International narcotics law enforcement: a study in irrationality.

AuthorMadsen, Frank G.
PositionArgument - Essay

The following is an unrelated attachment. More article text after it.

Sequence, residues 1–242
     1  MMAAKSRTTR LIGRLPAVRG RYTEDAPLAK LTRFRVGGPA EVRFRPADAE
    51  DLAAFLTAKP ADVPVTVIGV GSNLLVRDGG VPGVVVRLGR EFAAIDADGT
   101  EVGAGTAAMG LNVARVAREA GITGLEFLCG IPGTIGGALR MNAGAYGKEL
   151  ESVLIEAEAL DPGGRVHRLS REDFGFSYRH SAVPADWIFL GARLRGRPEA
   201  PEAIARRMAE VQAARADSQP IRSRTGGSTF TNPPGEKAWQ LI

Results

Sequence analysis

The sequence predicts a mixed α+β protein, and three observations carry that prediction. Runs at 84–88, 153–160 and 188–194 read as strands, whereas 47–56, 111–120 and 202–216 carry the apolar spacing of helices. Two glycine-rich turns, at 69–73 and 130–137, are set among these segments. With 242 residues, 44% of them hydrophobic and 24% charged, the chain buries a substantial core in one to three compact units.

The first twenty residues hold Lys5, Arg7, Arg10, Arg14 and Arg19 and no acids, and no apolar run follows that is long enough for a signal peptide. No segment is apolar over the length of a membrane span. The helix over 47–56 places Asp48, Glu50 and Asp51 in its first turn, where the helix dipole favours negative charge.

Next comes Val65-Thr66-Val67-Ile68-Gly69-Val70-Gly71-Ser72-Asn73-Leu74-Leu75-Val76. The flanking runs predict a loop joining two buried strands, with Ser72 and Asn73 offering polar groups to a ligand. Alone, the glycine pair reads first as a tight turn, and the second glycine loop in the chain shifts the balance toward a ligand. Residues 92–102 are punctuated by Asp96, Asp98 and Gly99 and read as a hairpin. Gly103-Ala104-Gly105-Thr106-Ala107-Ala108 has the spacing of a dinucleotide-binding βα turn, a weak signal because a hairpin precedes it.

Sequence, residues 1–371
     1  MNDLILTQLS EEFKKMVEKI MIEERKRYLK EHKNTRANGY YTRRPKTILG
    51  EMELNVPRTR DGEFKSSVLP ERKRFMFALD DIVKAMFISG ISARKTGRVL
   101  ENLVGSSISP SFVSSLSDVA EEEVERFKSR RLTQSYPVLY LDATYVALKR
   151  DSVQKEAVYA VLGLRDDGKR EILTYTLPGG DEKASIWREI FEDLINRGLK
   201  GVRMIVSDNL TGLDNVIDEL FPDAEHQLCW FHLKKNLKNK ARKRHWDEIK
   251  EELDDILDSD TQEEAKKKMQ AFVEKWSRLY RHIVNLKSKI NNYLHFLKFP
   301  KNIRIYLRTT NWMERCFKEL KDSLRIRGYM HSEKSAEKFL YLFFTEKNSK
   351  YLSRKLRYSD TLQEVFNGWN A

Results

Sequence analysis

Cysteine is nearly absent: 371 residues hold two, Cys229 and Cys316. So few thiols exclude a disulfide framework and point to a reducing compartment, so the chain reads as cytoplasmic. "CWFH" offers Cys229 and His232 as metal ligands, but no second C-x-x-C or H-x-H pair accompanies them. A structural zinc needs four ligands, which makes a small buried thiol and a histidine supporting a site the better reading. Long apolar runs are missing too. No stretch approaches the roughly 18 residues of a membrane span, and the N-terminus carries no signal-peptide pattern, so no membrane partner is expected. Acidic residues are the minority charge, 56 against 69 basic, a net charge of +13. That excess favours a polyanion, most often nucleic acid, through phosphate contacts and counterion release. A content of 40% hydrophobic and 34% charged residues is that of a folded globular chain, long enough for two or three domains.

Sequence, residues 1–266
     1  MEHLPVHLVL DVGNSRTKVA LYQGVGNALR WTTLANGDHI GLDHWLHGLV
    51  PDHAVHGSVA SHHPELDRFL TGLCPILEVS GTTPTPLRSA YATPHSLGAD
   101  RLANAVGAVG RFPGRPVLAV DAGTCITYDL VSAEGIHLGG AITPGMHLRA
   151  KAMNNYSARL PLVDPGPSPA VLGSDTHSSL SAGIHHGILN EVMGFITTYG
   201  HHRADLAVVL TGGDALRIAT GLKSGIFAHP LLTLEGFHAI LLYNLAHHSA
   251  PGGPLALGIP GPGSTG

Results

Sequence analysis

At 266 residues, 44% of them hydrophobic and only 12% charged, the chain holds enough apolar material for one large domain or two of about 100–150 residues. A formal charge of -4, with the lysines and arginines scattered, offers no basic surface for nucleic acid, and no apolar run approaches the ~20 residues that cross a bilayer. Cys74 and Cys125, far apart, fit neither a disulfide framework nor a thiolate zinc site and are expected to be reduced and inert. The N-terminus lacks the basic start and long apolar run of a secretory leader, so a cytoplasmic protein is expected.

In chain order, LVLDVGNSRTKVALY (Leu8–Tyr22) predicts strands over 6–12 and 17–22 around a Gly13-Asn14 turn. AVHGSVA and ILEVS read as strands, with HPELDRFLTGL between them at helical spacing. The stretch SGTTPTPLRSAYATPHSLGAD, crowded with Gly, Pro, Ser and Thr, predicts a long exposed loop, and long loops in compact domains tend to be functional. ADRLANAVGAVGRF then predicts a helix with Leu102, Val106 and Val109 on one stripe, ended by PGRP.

This year sees the celebration of the first century of international legal provisions against the illicit production and trade of narcotics substances. Accordingly, this is an appropriate moment to evaluate the results obtained. The following essay considers how the international prohibition regime created the crime of drug trafficking. The ensuing function of denied demand is the inescapable basis for the development of organized crime. Second, costs of the regime are critically assessed. The former include institutional costs of law enforcement and of the incarceration of individuals sentenced for drug trafficking and related offences, e.g., violence and financial crimes. The indirect costs are difficult to gauge and impossible to monetize. They include the immense suffering caused by drug trafficking as well as the deterioration of public services due to corruption. The present situation on both sides of the U.S.-Mexico border is sufficiently eloquent evidence. Also, narcotics legislation leads to racial tension since the incarceration rates for non-whites for these offences is considerably higher than for whites in the United State and the United Kingdom. Third, political premises are briefly analyzed, namely the implementation of narcotics liaison offices in foreign jurisdictions and the linking of foreign aid and trade privileges to a certification of trade partners' adherence to U.S. antinarcotic drugs law enforcement. One might claim, somewhat counterintuitively, that decriminalization of drug trafficking is not necessary. Drug trafficking has already been decriminalized de facto, if not de jure, by the sheer, constant saturation of the market place.